Panelists included Hirsch, Dr. Sam Blakeslee, a geophysicist, former Republican California state senator, and former California Seismic Safety Commission member, and Anthony Pietrangelo of the National  Energy Institute (NEI), a nuclear power advocacy group. 

Dr. Blakeslee’s testimony is here

The full historic hearing can be viewed here

EON Graphic

The Boxer Legacy

During her decades of service in the U.S. Congress – first as a California Representative from 1983 to 1993, then as Senator from 1993-2017 – Democrat Barbara Boxer was an indomitable and consistent advocate for sane, safe, responsible state and national nuclear policy.

Hirsch’s historically detailed testimony in this hearing reveals the classic textbook example of PG&E’s and the Nuclear Regulatory Commission’s longstanding private-public partnership in the perpetual project of corporate regulatory capture. 

In a rational society, the patterns, events and conditions Hirsch describes should have been enough to cause the immediate shuttering of Diablo Canyon in 2014.

Their urgency is even starker today as attempts are being made to extend Diablo 2 aged, dangerously embrittled reactors’ operation for 20 more years beyond their scheduled shutdown dates in 2024 and 2025. 

Administration of Diablo’s operation has been stuck on stupid for a long time. 

It’s high time to hit the Off Switch.


Senator Boxer:           I’m just thrilled with this panel…. Dan Hirsch is someone I’ve worked with… is the word forever apt here? Honestly, I don’t know how far back it goes, but I think it was before I was in the United States Senate. We’re talking decades of… And I just think he is tremendous. He’s a lecturer, University of California Santa Cruz, and that doesn’t begin to describe his contribution to safety from toxics and the rest. I’m very happy you’re here. I’m very grateful to you for sticking around because I know this has been a long wait, but as you could tell from the first panel, these issues are matters of life and death and that’s why we took the time we took and I didn’t want to rush your panel. I have a lot of time here, so we’ll go back and forth. So Mr. Hirsch, do you want to please begin and we’ll give you six minutes….

Dan Hirsch:    I have a written statement…

Senator Boxer:           We will put in the record.

Dan Hirsch:    Thank you. Chairman Boxer, thank you so much for the invitation to appear here today. The Japanese parliamentary investigation into the Fukushima tragedy concluded that it was caused by a too cozy relationship between the reactor operator and its regulator that allowed the nuclear plant to be built to withstand only an earthquake and tsunami far smaller than actually occurred. These problems plague the American nuclear regulatory system as well. My testimony will focus on an examination of one case study, Diablo Canyon, that suggests the Fukushima lessons have not been learned here. This is particularly important in light of the extraordinary new seismic discoveries near the site and the inadequate response to them by the NRC. Unless the underlying dysfunctional nature of nuclear regulation in this country rapidly undergoes sweeping reform. A Fukushima-type disaster or worse can occur here perhaps on the California coast. Diablo was designed and permitted based on the claim that there were no active earthquake faults within 30 kilometers of the site.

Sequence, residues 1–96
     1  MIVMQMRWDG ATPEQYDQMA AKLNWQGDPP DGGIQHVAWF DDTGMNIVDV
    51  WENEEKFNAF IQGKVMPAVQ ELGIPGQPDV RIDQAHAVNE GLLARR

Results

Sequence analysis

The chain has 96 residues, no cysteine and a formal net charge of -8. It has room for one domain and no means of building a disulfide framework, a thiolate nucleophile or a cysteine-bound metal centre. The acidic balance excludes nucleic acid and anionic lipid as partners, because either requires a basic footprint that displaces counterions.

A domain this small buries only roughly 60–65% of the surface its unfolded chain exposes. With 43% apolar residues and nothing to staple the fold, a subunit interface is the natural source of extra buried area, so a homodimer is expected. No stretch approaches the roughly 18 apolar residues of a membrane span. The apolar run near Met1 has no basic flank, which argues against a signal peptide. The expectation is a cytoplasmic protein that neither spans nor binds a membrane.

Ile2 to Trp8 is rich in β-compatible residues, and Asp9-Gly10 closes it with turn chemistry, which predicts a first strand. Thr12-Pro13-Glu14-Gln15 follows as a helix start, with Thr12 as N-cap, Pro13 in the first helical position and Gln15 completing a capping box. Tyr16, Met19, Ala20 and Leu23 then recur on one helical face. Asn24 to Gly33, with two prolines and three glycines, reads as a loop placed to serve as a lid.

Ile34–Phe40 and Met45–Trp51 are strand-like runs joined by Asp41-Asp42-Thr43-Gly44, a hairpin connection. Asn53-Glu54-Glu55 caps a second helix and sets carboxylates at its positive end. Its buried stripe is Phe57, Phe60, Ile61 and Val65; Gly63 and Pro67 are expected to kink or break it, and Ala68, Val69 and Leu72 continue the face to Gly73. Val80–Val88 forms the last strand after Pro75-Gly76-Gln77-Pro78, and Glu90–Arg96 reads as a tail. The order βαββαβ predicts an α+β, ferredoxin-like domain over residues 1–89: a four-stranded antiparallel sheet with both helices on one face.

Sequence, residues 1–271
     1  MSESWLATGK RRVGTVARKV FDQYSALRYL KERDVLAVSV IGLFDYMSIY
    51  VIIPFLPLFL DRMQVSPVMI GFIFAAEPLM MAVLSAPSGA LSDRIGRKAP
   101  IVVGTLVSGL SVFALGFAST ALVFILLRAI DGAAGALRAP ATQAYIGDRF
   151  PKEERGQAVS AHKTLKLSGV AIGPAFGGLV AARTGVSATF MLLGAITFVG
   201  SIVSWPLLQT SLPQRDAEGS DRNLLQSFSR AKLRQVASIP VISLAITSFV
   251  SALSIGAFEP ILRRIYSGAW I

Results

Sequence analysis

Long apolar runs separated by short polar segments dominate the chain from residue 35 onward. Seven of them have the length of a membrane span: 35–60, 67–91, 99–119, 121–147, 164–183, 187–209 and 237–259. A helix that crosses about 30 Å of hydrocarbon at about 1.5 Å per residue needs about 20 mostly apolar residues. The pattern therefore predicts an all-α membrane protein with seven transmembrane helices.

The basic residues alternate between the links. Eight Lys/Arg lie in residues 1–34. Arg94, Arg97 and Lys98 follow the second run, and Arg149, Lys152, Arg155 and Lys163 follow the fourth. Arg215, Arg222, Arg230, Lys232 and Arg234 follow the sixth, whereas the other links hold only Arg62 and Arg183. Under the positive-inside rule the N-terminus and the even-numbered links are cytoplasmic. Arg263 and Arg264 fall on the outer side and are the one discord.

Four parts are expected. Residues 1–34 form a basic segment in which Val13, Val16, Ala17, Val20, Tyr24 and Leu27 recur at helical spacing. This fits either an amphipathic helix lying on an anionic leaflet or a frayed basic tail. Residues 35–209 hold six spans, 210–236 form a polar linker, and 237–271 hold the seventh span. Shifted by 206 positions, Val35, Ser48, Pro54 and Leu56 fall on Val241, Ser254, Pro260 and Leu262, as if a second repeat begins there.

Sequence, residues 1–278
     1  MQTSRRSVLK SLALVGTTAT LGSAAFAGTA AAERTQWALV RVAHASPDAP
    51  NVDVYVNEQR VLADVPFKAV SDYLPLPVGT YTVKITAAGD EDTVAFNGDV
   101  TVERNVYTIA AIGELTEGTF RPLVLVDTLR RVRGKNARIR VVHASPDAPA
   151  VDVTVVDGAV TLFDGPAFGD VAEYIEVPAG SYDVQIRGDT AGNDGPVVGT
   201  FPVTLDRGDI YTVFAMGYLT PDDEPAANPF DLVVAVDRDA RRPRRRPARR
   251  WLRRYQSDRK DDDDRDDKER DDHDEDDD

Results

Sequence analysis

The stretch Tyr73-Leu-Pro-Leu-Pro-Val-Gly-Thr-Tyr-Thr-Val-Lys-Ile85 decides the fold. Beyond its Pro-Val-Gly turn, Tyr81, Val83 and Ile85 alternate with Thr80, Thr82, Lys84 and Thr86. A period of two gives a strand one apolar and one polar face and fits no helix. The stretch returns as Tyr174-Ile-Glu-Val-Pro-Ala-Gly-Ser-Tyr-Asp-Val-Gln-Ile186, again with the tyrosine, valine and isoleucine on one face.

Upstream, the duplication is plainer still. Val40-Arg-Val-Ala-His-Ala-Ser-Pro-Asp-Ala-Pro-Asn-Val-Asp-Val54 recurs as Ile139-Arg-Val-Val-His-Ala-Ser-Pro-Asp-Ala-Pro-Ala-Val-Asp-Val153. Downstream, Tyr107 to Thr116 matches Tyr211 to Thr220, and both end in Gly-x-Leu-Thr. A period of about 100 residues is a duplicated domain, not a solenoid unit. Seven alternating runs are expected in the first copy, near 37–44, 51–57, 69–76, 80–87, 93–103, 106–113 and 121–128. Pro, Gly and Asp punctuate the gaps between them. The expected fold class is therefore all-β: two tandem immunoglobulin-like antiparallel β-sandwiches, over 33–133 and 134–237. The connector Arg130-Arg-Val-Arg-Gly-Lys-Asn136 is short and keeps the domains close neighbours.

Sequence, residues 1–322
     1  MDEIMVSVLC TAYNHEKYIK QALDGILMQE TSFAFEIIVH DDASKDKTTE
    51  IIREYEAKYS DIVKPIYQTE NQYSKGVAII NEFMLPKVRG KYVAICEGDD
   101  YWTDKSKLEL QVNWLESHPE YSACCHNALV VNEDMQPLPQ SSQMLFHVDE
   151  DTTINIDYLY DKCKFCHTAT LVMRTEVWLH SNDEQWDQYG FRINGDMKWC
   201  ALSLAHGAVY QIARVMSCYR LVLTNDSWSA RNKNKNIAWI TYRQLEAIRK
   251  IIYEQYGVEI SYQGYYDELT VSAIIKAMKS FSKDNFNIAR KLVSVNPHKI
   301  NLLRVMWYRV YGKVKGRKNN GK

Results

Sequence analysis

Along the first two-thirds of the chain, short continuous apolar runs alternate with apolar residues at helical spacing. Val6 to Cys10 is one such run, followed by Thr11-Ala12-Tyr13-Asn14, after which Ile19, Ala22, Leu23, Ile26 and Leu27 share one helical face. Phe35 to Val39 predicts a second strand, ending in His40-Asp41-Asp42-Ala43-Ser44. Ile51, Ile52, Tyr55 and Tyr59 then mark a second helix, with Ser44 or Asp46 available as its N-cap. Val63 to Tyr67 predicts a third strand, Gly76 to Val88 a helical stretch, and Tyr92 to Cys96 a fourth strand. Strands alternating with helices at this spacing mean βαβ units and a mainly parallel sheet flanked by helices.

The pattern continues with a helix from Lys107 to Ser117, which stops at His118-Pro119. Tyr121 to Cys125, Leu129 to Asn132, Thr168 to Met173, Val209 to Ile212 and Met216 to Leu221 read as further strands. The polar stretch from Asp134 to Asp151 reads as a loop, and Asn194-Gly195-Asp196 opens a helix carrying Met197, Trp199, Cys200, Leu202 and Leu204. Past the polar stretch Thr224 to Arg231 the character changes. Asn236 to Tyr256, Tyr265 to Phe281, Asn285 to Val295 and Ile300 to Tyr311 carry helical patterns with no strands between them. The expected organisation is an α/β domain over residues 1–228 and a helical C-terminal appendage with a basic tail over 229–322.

We now know, however, that there are at least four large active faults nearby, all capable of more ground motion than the plant was originally designed for. Each time there was a new belated seismic discovery at Diablo, however, the commission gave PG&E a pass. Rules were relaxed, safety margins reduced, public hearings denied. The most recent discoveries of increased seismic risk have met the same fate. At the construction permit hearings in 1970, the intervener asked for a few hours to present evidence of nearby faults. PG&E and the commission staff objected and the NRC refused to permit the matter to be heard. One board member-

Senator Boxer:           Say that one more time. That last point.

Dan Hirsch:    In 1970, interveners wanted a few hours to be able to present evidence of undiscovered faults. Both PG&E and the commission staff objected. The licensing board refused to permit the testimony. Tom Pigford, a member of committee of the board dissented saying, “Shouldn’t we find out before we pour concrete if there are earthquake faults?”

Senator Boxer:           Thank you.

Dan Hirsch:    He lost and they went ahead and poured the concrete and almost immediately was revealed that there was an offshore fault, the Hosgri fault, much larger than the plant was designed for. But instead of withdrawing the permit or requiring a full upgrade to deal with the new fault, the NRC waived the normal requirements of the license and granted an exception for the Hosgri. Only minimal retrofits were required but it didn’t end then. Within days of granting the operating license, NRC. Egg on his face had to rescind it because it turned out that PG&E had used the wrong blueprints for putting in the retrofits. Mirror image blueprints, placing the retrofits in the wrong places. They had to do it all over again, leading to a cost moving from $320 million to over $5 billion. The cost over end largely passed on to the rate payer.